Japanese Film and Dorama at the East End Film Festival June 25 – July 10

I was overjoyed when I saw Kiyoshi Kurosawa’s dorama Penance getting screened at the Toronto International Film Festival and Venice. It’s because it seemed that there would be a chance it would get screened in the UK. So I spend most of the second half of 2012 wishing that the film would show up at a UK festival and lo and behold it does, just not the one I’m attending, no. Penance is getting screened at the East End Film Festival at the end of June!!!

The East End Film Festival has an eclectic line-up of films but the only interesting ones (as far as I’m concerned) are an indie film named Kuro and Kurosawa’s dorama Penance. Here are the details! 

Click on the title o the film for more information and the location for tickets.

Penance                   Shokuzai Drama Poster

Japanese Title: 

Romaji: Shokuzai

Location: Barbican Cinema, Screening Dates: July 07th, 5:00 PM

Running Time: 270 mins.

Director: Kiyoshi Kurosawa

Writer: Kiyoshi Kurosawa (Script), Kanae Minato (Original Novel)

Starring: Kyoko Koizumi, Eiko Koike, Sakura Ando, Chizuru Ikewaki, Yu Aoi, Mirai Moriyama

Kiyoshi Kurosawa followed the magnificent Tokyo Sonata with this five-episode TV drama based on Kanae Minato’s novel of the same name (Minato also wrote the novel which the film Confessions is based on). It stars a collection of some of the best actresses in Japan including Kyoko Koizumi (Tokyo SonataAdrift in Tokyo), Sakura Ando (Love ExposureCrime or Punishment?!?), Yu Aoi (Memories of MatsukoAll About Lily Chou-Chou), Eiko Koike (Kamikaze Girls2LDK) and Chizuru Ikewaki (Haru in The Cat Returns).

When a girl named Emiri moves from Tokyo to Ueda she makes friends with four girls named Sae, Maki, Akiko and Yuka. One day when the five girls are playing volleyball at school they are approached by a man dressed in work clothes who asks for their help in repairing the ventilation system. He picks Emiri. The two head towards the gym. When there is no sign of Emiri returning her friends head in the same direction and discover her dead. When questioned by the police they cannot describe the man which means leads to the investigation grinding to a halt. Several months later, Emiri’s mother Asako (Koizumi) invites the four girls to her house on Emiri’s birthday. It is there that she tells them that they will have to atone for their inability to describe the man and help in his capture. Fifteen years later, Sae (Aoi), Maki (Koike), Akiko (Ando) and Yuka (Ikewaki) are leading troubled lives and live in fear of the penance expected of them.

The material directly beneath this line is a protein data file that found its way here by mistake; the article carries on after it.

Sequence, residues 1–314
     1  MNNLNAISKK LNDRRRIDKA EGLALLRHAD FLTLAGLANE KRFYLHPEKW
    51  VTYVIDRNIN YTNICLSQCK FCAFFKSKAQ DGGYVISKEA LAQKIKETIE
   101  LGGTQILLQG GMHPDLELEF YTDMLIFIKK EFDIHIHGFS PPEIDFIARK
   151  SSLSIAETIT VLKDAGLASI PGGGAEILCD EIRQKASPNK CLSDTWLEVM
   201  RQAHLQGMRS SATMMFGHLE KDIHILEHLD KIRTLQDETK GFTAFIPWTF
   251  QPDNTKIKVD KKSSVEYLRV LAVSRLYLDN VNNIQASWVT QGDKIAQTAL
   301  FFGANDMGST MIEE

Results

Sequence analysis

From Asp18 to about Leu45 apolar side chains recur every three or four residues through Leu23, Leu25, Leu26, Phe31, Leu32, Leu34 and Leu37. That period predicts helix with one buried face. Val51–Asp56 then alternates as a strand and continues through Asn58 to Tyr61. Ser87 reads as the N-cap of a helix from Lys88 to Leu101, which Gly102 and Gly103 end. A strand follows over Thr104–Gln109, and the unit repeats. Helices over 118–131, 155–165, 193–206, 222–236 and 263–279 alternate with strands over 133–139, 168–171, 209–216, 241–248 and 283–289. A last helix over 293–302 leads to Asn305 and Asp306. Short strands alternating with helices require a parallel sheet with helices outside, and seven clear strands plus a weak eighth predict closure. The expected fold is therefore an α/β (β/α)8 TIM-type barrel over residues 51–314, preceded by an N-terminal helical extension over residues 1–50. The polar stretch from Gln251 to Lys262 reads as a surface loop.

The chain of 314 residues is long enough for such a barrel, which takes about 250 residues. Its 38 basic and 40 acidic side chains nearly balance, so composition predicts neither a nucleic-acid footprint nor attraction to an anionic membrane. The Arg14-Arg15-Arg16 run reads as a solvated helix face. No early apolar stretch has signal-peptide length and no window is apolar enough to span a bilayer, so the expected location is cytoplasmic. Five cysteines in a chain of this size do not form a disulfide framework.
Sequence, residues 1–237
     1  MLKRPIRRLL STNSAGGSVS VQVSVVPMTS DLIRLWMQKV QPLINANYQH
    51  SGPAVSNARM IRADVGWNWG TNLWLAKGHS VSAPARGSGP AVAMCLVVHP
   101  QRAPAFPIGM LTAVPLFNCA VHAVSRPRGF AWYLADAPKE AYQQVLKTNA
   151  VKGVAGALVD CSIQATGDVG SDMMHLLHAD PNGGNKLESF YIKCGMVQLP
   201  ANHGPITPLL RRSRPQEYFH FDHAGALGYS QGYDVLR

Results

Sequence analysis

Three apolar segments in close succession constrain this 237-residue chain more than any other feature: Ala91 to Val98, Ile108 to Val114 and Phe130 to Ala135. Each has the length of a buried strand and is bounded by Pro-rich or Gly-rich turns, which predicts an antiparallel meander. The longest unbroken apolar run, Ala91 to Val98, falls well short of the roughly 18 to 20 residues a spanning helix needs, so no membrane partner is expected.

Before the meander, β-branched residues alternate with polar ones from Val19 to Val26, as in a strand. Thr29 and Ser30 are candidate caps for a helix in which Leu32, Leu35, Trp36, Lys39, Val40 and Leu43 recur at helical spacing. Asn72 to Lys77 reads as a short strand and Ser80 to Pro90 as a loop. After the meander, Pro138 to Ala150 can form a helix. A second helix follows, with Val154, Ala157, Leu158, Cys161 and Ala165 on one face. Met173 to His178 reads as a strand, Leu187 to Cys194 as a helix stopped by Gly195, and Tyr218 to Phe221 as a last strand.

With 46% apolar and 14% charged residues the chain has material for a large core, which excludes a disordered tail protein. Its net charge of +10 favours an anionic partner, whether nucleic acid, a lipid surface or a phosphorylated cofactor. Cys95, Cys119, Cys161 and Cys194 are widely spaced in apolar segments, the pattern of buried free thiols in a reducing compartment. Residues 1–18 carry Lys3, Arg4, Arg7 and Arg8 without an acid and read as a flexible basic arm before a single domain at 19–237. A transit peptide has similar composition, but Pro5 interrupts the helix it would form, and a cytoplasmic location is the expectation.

Kuro                                                  Kuro Film Image

Japanese Title: はなればなれに

Romaji: Hanare Banareni

Location: Rich Mix, Screening Dates: June 29th, 8:30 PM

Running Time: 100 mins.                                              Kuro Beach Image

Director: Daisuke Shimote

Writer: Daisuke Shimote (Screenplay),

Starring: Airi Kido, Yu Saitoh, Hideo Nakaizumi, Wakana Matsumoto

This one screened at last years Tokyo International Film festival where it accrued a series of mixed reviews like this from Megan Lehmann of the Hollywood Reporter,

A trio of Tokyoites jitterbugs through a series of absurdist set pieces on their way to self-discovery in Kuro, the self-consciously quirky debut feature by Japanese director Daisuke Shimote. Insubstantial but occasionally diverting, it’s a comic drama whose purely physical comedy comes in fits and starts, seemingly independent of the narrative.

After watching the trailer, that excerpt from review seems to be a good summary.

Three people recently traumatised meet up: Kuro once had dreams of being a baker until she was fired, Eito has recently broken up with his fiancé and Gou’s career as a theatre director is in imminent danger of dying when the lead actress of his own play goes missing. The three retreat from the world to a remote seaside hotel where a schoolgirl named Momo falls in with them and they all indulge in silly games.

Shinya Tsukamoto Films at the East End Film Festival

Shinya Tsukamoto, Director of Nightmare DetectiveShinya Tsukamoto (Nightmare Detective, Vital) is going to have three of his films screened at the East End Film Festival next month ahead of their blu-ray release, thanks to Third Window Films, in the UK later this year. The madness kicks off on the 4th of July when the festival screens two of his films, the classic Tetsuo, The Iron Man (1989) and Tetsuo: Body Hammer (1992) at the Hackney Picturehouse. The festival will then be screening his latest film Kotoko which will be shown on the 5th of July at 20:30 at the Rich Mix CinTetsuo, the Iron Manema.

Earlier this year Third Window Films announced that the Tetsuo films will be released together as a Blu-ray double-pack in October with brand new transfers restored from the original negatives by Shinya Tsukamoto and his  45 minute Tetsuo-prototype film ‘The Adventures of Electric Rod Boy’ (Denchu Kozo no Boken) in the package. KOTOKO will also be released in October.

Also screening at the festival is the film Cut, a gritty post-modern tale of a passionate cinephile mixing with the yakuza (this film was released at the end of last year and part of one of my first proper weekly trailer posts), Reed: The Life and Works of Roy Kiyooka, a film which looks at the Japanese-Canadian artist and his influence on North American art, and Radioactivists which looks at the recent changes in protest culture in Japan.

Thanks go out to Kyaputenbanana for the alert an Otherwhere for further information.